Romney has won in Michigan, with 39% of the votes, and so he keeps his hopes alive. McCain had 30%, Huckabee only 16%. It was a convincing victory. Romney was the strongest candidate in all age groups except for those over 60, who went for McCain. Romney also beat Huckabee among both Protestants and Catholics. Meanwhile, McCain carried the Republicans who never go to church, with 39% of that little constituency. Furthermore, as noted in an earlier blog here, Huckabee did extremely poorly among the Catholics, getting less than 10% of their votes. And these are the very conservative, Republican Catholics, who represented about 30% of the vote. Huckabee would have even less appeal to the larger group of Democratic Catholics. In short, Michigan's results suggest that Huckabee may have been a one-win wonder in Iowa, who now must redeem himself in South Carolina next week, if he is to look viable.
McCain, on the other hand, did respectably in Michigan, which after all is Romney's former home state. It is hard to beat an opponent who can bring his old schoolteacher and classmates up on stage. Nevertheless, if we probe these results further, it turns out that voters who think the economy is on the right track and who are generally satisfied voted for Romney. The unhappy voters were more likely to be for McCain, whether they were upset by Bush in particular, the poor Iraq results, or the economy. McCain also was relatively successful with Independents and Democrats, some of whom crossed over to vote for him. Finally, McCain defeated Romney in urban areas (40% to 31%), which is obviously important in the coming contests for New York and California. So while he lost, McCain showed that he can appeal across party lines, and remains in a good position for the contest in South Carolina. In terms of money, however, Romney has $60 million to McCain's $31 million, a difference which could begin to be a real problem for McCain by February.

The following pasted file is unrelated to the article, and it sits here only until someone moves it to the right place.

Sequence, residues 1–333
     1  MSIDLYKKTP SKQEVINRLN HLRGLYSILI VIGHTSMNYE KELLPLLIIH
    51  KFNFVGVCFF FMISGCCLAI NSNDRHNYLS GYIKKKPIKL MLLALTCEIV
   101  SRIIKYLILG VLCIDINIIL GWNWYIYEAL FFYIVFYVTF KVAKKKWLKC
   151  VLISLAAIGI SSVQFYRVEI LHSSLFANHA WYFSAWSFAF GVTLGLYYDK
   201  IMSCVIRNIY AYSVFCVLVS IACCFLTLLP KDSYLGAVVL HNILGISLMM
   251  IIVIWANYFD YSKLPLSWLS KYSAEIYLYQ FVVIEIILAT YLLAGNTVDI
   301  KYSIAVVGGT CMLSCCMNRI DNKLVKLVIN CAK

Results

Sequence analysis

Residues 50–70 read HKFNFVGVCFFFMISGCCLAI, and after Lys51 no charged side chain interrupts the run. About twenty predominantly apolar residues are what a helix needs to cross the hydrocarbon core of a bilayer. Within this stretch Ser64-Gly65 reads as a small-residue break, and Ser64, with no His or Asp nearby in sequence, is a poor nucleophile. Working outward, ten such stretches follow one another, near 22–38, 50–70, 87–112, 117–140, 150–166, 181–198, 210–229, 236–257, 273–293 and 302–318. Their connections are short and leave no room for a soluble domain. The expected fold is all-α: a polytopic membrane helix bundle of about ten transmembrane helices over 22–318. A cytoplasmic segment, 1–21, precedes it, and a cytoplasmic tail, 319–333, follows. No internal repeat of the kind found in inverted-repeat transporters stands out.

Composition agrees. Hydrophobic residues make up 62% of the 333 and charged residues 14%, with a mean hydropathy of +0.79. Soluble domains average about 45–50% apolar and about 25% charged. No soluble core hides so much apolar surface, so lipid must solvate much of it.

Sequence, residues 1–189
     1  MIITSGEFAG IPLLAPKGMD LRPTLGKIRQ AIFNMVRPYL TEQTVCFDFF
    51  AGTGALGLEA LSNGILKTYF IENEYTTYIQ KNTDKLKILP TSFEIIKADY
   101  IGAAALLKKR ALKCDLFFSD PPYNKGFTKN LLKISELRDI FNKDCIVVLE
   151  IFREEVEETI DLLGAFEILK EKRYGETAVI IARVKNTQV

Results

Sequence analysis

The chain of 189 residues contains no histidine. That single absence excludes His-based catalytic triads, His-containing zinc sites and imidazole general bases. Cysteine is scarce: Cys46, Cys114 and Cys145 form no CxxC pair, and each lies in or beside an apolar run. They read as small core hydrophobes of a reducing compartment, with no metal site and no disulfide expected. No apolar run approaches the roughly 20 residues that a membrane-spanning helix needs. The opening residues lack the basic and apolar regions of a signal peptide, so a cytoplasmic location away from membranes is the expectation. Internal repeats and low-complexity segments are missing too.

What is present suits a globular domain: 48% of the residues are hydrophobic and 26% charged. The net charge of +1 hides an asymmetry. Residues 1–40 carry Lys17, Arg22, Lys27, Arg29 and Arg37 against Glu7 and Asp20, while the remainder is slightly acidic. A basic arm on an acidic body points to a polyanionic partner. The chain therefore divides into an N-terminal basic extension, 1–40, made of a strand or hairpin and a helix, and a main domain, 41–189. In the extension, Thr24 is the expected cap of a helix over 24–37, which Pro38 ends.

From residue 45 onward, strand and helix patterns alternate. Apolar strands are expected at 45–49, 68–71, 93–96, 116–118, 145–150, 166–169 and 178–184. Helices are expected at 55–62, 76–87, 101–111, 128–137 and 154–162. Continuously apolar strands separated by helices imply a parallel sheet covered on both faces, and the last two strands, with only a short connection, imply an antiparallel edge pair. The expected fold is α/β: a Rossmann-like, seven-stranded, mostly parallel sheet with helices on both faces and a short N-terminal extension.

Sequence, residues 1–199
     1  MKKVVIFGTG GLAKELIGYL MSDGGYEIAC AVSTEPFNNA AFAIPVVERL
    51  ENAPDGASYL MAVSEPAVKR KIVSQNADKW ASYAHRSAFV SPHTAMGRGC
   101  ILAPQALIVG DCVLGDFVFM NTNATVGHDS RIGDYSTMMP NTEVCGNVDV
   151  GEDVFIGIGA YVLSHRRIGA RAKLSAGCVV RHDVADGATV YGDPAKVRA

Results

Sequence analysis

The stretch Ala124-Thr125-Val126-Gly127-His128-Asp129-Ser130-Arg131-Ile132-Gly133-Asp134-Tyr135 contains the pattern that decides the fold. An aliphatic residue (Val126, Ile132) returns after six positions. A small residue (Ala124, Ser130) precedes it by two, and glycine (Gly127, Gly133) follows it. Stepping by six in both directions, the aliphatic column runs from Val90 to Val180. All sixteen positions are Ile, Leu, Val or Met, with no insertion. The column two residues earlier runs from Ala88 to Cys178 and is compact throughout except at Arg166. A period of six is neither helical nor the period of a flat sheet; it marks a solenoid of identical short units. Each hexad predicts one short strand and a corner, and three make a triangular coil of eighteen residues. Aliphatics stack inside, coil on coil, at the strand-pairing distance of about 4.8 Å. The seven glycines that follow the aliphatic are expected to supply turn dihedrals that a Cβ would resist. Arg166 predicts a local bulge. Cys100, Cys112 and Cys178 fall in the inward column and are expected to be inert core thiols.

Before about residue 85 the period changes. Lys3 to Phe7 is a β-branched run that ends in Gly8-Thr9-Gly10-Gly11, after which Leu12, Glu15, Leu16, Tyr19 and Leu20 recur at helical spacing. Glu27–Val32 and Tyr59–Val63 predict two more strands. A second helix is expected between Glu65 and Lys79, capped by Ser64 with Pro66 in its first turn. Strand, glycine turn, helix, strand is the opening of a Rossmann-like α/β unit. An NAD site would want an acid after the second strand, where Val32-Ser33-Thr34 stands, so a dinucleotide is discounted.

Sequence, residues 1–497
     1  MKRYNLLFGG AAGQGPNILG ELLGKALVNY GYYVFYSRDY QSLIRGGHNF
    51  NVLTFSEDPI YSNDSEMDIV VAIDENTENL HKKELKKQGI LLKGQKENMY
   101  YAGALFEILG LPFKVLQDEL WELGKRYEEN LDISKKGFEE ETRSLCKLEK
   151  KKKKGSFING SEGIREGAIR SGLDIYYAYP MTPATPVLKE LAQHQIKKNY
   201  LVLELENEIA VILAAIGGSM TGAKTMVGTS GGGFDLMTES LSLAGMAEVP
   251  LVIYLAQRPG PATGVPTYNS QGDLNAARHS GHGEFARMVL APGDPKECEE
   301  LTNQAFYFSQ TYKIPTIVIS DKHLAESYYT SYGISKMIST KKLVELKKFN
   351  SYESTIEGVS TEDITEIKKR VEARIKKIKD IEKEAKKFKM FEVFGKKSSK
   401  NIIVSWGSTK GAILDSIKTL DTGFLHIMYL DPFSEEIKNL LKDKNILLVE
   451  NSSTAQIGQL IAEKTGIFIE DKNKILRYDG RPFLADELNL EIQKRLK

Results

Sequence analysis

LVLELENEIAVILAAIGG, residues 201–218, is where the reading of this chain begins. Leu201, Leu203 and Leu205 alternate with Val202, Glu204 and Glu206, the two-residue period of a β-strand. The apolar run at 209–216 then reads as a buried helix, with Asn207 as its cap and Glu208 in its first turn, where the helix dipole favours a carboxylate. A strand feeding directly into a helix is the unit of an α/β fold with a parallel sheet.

There are also three footnotes to these Republican results. The first is the strange failure of Giuliani to put up any fight at all, as he dropped to just 3%. Perhaps if neither Romney nor McCain can win an advantage soon, this strategy will yet be vindicated, but it looks like a long shot. Only slightly better was Fred Thompson's 4% showing. He seems unable to ignite his campaign, and one suspects that he is staying in the race in order to have a shot at being the vice-presidential nominee. Indeed, perhaps that is Giuliani's idea as well. If he can show he is strong in Florida, he becomes an attractive VP who can deliver that vital swing state and help carry New York. Finally, there is Paul's fascinating maverick candidacy. He describes himself as an old-fashioned strict constructionist of the Constitution. He is so far to the right that he emerges on the left on some issues, notably Iraq, where he advocates withdrawal. If you have not seen him in the debates, pay more attention, for the Texas congressman has some vocal supporters, as he calls for balancing the budget, an end to military adventurism abroad, and a return to the foreign policy of Thomas Jefferson. I strongly doubt that he is seeking the vice-presidential nomination, and he is smart enough to know that he is but an articulate gadfly. If nothing else, he shows how boring Fred Thompson is by comparison.
Meanwhile, Hillary won, running unopposed, and will get zero delegates, because the Democratic Party is punishing Michigan for advancing its primary date, as discussed a few days ago here. A notable 43% did not support her in the absence of other candidates. The real action was out in Nevada, where delegates can be won or lost, and where a debate took place yesterday. It apparently was a particularly friendly affair, as the three main candidates made a point of not attacking one another. After some un-pleasantries earlier in the week over the relative contributions of Martin Luther King and Lyndon Johnson, it seems that Clinton and Obama have returned to their senses. Arguing about events that took place 40 years ago, and bringing up race, were just not going to sell either candidate to the electorate.
One final aspect of the Michigan vote needs to be emphasized. Fully 46% of those exit-polled admitted that they did not make up their minds until this week. Indeed, more than 30% made up their minds during the last three days. As in Iowa and New Hampshire, this remains a fickle electorate, one that can be swayed by small events or media images right up to the end. The last minute shifts on the whole favored Romney. McCain outpolled him (32% to 28%) among those who had decided more than one month ago, but Romney garnered 41% of the voters who decided on the last day, as they neared the ballot box. McCain only got a quarter of these votes, and that represents much of the margin of difference between them.